On Queerness & Pride

On Queerness & Pride

Queer is a word I didn’t always feel comfortable using.  Sometimes I still don’t, its other meaning being ‘strange’.  

Growing up, it seemed that queerness was something okay for other people, but less so for myself.  It took a long time to accept and embrace my queerness – to see it as a gift.

Pride Month started as a way to commemorate the US Stonewall riots, which occurred at the end of June 1969.  (How often we celebrate or remember protests of the past, while rejecting movements of the present…).

Pride is born out of rebellion and rage.  It’s born out a refusal to conform, to ignore the truth of our experiences and feelings. A refusal to lay down in the face of injustice.  It is a commitment to radical and inclusive joy, an honour to the wholeness of our experiences, and a refusal to diminish them in the presence of others.

Queerness, beyond my sexuality, is my ability to orient to a world that I cannot see yet. Toward wholeness, toward truth, and away from what culture has conditioned in us.  To see beyond who and what I am supposed to be or do, to who and what I am actually called. 

Queer – and particularly trans – activists have a long history of envisioning a new, more imaginative world, before it is born to reality. 

This month, as we celebrate queerness in our communities, friends, children, *ourselves*, let us also honour this through playing and discovering new ways of orienting to a more beautiful world.  Orienting toward wholeness. 

And of course, let us support and celebrate the LGBTQ+ activists who continue to fight for liberation in the many parts of the world where queerness is not yet celebrated. 

What does queerness mean for you?

Laura x
Fire & Water: Holding Space for Revolutionary Anger

Fire & Water: Holding Space for Revolutionary Anger

Anger is a call to action, a just and moral response.  Anger can be fuel. And yet anger without skill, without wisdom, is like a fire that can burn everything, including myself.  

I felt a wave of anger wash over me last night as I read about the sentencing of an activist to a year in prison, with six months no parole. He was part of a recent successful blockade of the world’s largest coal port near Newcastle (north of Sydney) for 10 days, actions I’d found inspiring and important post-COP.  

I watched my anger at his sentencing & the police overreach meld with rage at the unjustness of it all.  Rage at the ecocide that happens around us.  Rage at legal & media bias, at the general unfairness, at the fact this is where we’ve come to. 

This frustration is nothing new – the Government of Australia represents so few of my values, so little compassion, humility or love.  It struggles to use its imagination, so attached to the status quo.

I remind myself that change doesn’t happen in the headlines. It happens in the margins, the liminal, the spaces in-between.  I know that the change I seek won’t come from government, rather will come to transform government. 

And yet I also sit with what to do with this anger.  The fury and rage and grief for all that is lost, all that is unjust, all that is not okay with the world.  

The spiritual upbringing I had taught me to avoid anger. That it was based in fear, a ‘negative’ emotion, and that I would better serve focusing on what I want to create.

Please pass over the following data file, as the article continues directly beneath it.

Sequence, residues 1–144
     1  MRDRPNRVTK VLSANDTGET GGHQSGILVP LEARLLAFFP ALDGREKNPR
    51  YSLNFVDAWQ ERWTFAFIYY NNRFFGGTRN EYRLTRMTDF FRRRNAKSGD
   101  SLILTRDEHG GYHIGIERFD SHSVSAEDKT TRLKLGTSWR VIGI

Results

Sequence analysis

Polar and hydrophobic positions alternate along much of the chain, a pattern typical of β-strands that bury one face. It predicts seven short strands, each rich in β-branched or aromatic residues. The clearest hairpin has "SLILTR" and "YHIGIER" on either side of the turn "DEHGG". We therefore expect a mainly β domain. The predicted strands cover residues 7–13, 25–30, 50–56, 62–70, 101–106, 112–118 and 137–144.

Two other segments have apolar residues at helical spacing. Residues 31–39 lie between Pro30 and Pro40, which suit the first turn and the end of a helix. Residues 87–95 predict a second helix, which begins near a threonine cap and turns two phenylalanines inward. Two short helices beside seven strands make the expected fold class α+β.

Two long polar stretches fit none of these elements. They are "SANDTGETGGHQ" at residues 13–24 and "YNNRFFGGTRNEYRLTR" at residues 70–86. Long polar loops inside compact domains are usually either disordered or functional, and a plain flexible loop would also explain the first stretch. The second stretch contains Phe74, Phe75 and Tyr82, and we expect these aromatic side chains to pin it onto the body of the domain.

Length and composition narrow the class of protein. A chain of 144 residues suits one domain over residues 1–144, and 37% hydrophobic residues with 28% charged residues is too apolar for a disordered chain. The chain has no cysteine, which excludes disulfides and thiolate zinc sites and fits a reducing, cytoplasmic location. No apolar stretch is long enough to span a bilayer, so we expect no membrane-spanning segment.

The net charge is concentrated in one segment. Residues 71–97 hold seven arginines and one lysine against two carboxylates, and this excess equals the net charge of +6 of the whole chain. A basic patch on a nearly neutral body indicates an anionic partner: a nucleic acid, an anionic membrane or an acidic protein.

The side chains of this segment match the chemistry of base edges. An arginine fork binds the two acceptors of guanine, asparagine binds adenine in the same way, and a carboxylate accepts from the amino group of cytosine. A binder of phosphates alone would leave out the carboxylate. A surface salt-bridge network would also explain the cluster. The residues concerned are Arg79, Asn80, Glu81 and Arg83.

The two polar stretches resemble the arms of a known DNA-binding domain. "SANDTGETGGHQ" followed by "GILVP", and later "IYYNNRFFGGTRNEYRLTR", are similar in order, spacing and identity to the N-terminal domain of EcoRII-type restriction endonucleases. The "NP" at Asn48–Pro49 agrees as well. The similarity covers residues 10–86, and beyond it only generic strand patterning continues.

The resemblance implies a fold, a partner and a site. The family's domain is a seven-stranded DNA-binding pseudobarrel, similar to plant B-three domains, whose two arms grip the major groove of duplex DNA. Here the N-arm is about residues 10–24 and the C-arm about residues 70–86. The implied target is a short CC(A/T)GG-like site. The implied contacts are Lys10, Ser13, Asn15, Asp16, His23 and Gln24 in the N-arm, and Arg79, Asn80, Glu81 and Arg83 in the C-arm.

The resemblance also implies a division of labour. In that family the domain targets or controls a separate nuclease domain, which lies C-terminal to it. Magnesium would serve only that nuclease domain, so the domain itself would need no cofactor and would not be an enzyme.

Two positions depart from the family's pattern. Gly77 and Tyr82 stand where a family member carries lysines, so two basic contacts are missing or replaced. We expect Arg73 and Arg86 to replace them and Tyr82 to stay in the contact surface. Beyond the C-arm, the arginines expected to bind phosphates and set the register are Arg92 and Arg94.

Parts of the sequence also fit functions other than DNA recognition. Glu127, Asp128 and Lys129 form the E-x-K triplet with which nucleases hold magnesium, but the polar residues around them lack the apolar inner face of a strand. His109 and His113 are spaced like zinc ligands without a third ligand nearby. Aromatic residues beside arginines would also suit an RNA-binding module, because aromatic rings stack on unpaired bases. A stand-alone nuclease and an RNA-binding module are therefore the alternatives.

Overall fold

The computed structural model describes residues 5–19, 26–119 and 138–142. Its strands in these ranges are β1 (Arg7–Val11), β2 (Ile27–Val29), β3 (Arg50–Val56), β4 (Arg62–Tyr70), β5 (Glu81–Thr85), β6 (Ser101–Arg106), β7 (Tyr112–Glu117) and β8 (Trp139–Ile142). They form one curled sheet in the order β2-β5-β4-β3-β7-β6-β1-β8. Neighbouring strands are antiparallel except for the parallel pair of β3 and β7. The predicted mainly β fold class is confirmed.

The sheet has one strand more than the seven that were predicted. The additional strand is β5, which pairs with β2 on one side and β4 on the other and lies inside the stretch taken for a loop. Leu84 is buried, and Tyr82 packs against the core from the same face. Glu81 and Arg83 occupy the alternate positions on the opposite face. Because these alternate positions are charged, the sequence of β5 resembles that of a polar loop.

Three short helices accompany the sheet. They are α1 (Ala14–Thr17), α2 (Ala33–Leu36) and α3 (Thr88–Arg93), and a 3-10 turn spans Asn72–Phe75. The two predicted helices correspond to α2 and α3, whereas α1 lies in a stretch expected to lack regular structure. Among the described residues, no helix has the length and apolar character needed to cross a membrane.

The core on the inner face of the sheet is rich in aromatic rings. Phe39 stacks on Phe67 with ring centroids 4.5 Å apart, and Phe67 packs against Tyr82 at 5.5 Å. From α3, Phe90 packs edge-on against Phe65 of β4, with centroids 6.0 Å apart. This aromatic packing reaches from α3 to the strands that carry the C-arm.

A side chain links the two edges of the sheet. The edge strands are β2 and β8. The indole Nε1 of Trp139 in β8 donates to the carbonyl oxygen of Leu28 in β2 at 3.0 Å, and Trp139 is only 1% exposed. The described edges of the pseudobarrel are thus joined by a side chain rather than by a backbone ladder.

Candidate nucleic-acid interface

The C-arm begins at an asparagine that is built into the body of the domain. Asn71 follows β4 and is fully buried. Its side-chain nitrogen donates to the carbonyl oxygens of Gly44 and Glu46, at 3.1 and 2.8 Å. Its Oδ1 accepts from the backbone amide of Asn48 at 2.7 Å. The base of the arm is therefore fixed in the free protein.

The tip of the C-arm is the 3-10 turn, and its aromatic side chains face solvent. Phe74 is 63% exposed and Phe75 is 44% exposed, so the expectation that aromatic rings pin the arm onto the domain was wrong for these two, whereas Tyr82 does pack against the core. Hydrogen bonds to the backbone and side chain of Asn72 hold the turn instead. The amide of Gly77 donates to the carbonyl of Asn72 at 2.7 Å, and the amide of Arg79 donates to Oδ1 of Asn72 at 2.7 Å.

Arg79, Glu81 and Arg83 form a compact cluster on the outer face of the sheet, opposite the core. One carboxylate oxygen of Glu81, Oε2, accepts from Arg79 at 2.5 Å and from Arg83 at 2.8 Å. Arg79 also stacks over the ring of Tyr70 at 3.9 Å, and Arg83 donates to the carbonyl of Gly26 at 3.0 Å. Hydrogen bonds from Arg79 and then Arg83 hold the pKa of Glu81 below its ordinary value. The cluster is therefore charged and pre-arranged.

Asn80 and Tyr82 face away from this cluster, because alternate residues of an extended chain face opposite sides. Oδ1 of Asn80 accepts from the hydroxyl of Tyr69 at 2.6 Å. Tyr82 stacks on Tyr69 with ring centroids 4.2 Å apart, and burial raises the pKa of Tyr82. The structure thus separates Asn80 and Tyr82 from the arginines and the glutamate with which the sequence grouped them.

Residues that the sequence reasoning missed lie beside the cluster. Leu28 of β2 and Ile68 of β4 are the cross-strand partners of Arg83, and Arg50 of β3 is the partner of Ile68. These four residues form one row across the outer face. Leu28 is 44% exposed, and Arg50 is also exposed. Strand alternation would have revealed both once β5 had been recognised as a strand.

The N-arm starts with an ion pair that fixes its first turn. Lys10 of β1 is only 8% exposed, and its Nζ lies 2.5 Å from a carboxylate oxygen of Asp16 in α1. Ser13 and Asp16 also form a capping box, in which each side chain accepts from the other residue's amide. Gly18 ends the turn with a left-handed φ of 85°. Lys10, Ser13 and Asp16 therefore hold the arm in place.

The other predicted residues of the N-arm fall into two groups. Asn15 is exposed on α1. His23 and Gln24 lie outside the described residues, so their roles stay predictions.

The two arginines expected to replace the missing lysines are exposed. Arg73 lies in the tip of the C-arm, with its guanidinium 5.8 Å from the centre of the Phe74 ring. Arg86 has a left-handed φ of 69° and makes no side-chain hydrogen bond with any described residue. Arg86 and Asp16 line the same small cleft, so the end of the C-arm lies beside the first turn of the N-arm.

The activist side of me would tell me that anger is useful, a call to rise up, to hold those in power accountable for what happens.  That anger is right and just and moral, to let it fuel me into action.  To not let go, and to hold on to its power. 

Both are true in parts, though neither complete on their own.  Anger is a call to action, a just and moral response.  Anger can be fuel. And yet anger without skill, without wisdom, is like a fire that can burn everything, including myself.  

Anger unchecked, unexamined, leads to conflict, to twitter wars, to bitterness, partisanship & division, to burnout and to violence (physical or emotional). 

And so what we need is not to avoid our anger, not to bypass it it while we speak of loving our enemies, or to push it down while we continue with business as usual, but also not to have it consume is, allowing our anger to control the flow of our thoughts and actions, assuming that change comes from our rage alone.

Like all fires, we need the water, the flow, to temper our anger and guide it.  

My anger at this time exists for a reason. It is both a bodyguard to the grief & sadness I feel at this time.  (For anyone who’s seen Morning Wars recently, as Bradley says,  “I’m not angry, I’m hurt, anger is just what I know what to do with”.)

And my anger is also a call to action. To not be complacent. To not settle back. To never forget that we are in a liminal space and time in the world, and that if we want the future that we dream of, that we must work actively to dismantle the systems that work against it.  

I don’t subscribe to a philosophy of good versus evil, but I do believe we must actively disrupt systems that exist to perpetuate business as usual  However, dismantling systems of injustice cannot be centred just on a person, policy or position, but must also include the very mindset that allowed us to reach the point we’re at; the disconnection of our selves from life.  

Our anger should be informing our actions, but not determining of them, and must be tempered with wisdom.   

So today I sit with my anger. I remind myself of my commitment to nonviolence, and I explore the ways I do and don’t yet embody it.  I engage with and re-commit to my own activism. I let my anger inform me of my sadness, holding space for it,  and I let it ignite my passion, my love, and all that which I am called to.

If you’re wanting to unpack the power & troubles of  anger, consider joining Love & Anger starting in early 2022.